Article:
Schneidewind v. ANR Pipeline Co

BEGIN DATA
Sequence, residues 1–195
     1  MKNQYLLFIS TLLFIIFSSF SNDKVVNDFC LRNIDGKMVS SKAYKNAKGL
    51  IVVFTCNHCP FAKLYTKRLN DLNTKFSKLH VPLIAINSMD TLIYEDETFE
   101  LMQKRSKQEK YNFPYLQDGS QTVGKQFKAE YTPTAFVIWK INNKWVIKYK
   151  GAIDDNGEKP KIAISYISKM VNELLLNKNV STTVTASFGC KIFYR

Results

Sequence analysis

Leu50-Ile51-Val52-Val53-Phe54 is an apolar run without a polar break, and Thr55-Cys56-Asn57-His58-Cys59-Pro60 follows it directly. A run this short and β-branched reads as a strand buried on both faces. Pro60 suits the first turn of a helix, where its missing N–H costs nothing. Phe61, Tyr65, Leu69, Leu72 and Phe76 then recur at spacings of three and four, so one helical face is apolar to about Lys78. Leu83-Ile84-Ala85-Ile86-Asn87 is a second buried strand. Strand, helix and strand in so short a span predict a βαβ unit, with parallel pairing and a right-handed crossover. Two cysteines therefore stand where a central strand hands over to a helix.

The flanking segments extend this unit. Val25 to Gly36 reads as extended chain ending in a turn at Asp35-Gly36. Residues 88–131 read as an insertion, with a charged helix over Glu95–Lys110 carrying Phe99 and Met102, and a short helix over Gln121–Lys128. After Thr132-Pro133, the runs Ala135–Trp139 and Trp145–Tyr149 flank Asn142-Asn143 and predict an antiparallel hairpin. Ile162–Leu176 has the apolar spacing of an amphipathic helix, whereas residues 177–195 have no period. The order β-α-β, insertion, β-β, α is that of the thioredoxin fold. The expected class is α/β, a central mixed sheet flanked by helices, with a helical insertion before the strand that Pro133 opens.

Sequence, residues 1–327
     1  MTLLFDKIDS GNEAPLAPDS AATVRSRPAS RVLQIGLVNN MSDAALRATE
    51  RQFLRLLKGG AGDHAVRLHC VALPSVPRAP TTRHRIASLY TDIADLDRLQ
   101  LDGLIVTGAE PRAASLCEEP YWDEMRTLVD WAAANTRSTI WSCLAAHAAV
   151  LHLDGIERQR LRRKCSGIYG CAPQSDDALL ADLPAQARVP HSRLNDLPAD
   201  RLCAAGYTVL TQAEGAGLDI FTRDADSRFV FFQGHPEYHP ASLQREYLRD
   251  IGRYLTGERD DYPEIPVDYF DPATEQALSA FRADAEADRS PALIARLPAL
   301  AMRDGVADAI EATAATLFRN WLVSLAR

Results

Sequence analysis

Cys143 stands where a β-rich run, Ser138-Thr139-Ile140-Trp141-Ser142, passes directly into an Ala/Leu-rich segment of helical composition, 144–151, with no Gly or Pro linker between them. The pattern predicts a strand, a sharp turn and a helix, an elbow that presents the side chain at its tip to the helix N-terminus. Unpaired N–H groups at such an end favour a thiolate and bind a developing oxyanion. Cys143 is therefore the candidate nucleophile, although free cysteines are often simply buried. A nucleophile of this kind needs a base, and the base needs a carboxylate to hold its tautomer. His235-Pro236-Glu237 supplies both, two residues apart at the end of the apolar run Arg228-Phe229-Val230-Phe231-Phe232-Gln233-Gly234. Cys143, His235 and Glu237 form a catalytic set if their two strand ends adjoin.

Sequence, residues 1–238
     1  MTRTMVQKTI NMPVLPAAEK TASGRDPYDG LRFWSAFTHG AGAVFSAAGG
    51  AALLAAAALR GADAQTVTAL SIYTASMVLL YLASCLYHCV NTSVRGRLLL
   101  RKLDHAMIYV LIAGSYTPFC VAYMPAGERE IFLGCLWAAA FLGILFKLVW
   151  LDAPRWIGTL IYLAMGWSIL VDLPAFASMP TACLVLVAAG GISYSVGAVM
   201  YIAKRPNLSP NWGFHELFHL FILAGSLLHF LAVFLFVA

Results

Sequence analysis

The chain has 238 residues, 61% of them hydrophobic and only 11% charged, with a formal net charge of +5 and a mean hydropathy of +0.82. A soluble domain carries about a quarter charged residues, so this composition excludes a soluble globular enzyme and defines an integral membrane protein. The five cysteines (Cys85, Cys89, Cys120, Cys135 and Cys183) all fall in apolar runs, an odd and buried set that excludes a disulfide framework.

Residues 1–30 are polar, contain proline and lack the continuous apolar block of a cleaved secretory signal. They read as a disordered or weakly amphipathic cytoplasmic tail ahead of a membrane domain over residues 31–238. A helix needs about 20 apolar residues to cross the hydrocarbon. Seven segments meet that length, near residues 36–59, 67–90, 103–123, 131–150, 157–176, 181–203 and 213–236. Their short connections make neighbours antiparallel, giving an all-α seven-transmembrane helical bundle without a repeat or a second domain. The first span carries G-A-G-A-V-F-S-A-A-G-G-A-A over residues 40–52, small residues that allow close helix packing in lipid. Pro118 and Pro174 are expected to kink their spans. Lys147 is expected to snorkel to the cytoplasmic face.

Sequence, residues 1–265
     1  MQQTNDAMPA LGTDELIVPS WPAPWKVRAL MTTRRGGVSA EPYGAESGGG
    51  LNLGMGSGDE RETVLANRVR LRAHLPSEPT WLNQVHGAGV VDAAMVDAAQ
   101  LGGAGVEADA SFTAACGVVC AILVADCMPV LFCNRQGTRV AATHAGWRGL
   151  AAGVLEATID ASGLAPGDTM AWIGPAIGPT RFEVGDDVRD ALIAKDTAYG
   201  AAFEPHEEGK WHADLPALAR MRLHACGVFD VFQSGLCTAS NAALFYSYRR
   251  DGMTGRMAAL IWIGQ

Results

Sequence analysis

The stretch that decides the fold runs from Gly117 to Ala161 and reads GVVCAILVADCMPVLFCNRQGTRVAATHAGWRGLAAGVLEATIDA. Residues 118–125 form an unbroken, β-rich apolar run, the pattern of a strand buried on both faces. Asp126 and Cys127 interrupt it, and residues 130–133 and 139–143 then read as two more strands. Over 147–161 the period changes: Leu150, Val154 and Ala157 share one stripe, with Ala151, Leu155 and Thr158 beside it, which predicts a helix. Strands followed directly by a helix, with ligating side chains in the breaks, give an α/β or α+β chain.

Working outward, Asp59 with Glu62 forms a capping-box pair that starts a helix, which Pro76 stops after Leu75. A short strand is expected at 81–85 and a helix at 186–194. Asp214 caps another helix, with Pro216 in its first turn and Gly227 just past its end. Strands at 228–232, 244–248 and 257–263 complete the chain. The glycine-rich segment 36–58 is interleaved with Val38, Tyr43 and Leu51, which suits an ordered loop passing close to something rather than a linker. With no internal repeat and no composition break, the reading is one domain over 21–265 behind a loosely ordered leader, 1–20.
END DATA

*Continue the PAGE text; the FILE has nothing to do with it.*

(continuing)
In Schneidewind v. ANR Pipeline Co., 485 U.S. 293, 308, 108 S.Ct. 1145, 99 L.Ed.2d 316 (1988), Federal Energy Regulatory Commission (FERC) considered an application by ANR, a natural gas company that sought to condemn property it deemed necessary to prevent migration of stored gas beyond its existing storage field boundary. 76 F.E.R.C. at 62,346. ANR sought a "revised, larger boundary" for its storage field in order "to acquire, through eminent domain if necessary, the property rights it needs to protect the stored gas." Id. FERC described its role under 7171f(c) as follows: Since ANR is an interstate natural gas pipeline engaged in the transportation of natural gas in interstate commerce, it is subject to the jurisdiction of the Commission and to section 7(C) 15 U.S.C. 717f(c) of the NGA. Where appropriate, the Commission has granted jurisdictional storage field operators amended certificate authority to revise their storage field boundaries in order to allow them to initiate condemnation procedures to seek storage easements that will allow for continued efficient operation of their certificated gas storage facilities. ANR Pipeline Co., 76 F.E.R.C. at 62,346. As indicated in ANR Pipeline Co., FERC must authorize natural gas companies to seek condemnation of additional property needed for efficient operation, and will grant such authorization only where "appropriate" and "required by the public convenience and necessity." Id. There would be no need for a natural gas company to apply to FERC for an amended authorization if it were free to condemn property required for efficient operation or maintenance purposes without FERC approval. See id.